"Consumers must be able to rely on the accuracy of food labels," said Florida agriculture and consumer services commissioner Charles Bronson. "Inaccurate labels can endanger people's health."
The only exception was a vegetable oil spread, or margarine, produced by Olivio Premium Products of Boston.
Bronson's department has begun a widespread testing campaign of food products for trans fat content, six months before the FDA regulation requiring food labels to list trans fat amounts comes into force. The move is likely to increase pressure on manufacturers to eliminate the substance from their products altogether, and illustrates how politicized the issue of trans fats has become.
Trans fat is formed when liquid oils are made into solid fats like shortening and hard margarine, a process that increases the shelf life and flavor stability of foods. But the substance has been found to contribute to elevated cholesterol levels and can lead to coronary artery disease.
The issue has been at the center of a number of legal battles, much to the concern of the food industry. Californian non-profit organization BanTransFat.com accused McDonald's last year of falling short on promises to remove trans fats used in the cooking process, and filed a lawsuit claiming false advertising.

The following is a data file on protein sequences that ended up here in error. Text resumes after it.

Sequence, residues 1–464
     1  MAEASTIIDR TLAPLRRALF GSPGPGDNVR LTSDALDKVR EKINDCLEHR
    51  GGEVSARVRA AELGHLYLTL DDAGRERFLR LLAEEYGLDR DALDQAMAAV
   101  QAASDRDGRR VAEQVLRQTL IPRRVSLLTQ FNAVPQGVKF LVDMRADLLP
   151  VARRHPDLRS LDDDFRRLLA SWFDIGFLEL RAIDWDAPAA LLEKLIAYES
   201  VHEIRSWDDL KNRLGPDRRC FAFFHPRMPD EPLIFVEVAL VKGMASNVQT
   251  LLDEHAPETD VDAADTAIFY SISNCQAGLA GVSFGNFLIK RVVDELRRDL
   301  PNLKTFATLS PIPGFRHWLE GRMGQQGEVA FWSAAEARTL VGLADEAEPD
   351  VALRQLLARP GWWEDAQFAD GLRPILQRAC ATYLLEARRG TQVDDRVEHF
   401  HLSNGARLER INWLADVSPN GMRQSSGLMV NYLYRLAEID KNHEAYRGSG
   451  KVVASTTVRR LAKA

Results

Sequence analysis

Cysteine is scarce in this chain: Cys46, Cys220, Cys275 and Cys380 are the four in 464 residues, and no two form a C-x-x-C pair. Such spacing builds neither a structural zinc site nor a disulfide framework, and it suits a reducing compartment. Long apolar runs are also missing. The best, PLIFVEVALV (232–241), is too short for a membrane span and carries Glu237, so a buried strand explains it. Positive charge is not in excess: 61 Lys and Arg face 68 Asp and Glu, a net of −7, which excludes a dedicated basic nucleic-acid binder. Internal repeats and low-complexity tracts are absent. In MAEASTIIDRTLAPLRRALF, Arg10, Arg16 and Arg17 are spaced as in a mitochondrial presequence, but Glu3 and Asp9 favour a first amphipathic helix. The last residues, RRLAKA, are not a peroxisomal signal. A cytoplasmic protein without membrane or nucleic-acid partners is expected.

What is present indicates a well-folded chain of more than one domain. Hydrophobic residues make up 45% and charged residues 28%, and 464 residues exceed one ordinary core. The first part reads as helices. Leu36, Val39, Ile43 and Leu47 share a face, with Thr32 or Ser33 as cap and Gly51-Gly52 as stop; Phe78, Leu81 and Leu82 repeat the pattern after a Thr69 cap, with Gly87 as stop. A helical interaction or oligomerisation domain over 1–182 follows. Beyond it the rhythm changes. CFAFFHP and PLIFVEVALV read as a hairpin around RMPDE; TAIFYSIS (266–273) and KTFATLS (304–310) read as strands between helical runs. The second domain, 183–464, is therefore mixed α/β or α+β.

The same pressure group also brought a similar court case against Kraft's owner Nabisco.
For food makers in Florida therefore, the industry's failure to accurately label trans fat content could open the door to possible legal action in the future, a distinct possibility given current levels of obesity within the US and the desire to stick some of the blame for this on the food industry.
Indeed, Bronson emphasized that accurate food labels are critical for the millions of consumers who are overweight, have diabetes or are on restricted diets that require careful monitoring of the amount of fats, carbohydrates or calories they consume.
Food makers eager to distance themselves from the trans fat controversy are therefore taking pre-emptive action. Although labels on food products are not required to inform consumers about the amount of trans fat in products until January 2006, many manufacturers are already listing that information, especially those that have eliminated trans fat in their contents altogether.
Frito-Lay, for instance, already discloses the trans fat content of its snack foods. The company says such content is zero for its Ruffles and Lay's potato chips, Rold Gold pretzel snacks and Fritos corn chips.
The PepsiCo division also switched some time ago to corn oil to cook its Doritos, Cheetos and Tostitos products to eliminate trans fats from those snacks.
For those that fail to accurately label the trans fat content of their products, there is a maximum penalty of $5,000, but the potential impact on brand value is obviously much higher.
In recent years, Bronson's department has conducted a number of sweeps in which products were tested for calories, carbohydrates and other nutrients listed on food labels, and the Commissioner pledged that those efforts will continue in the future.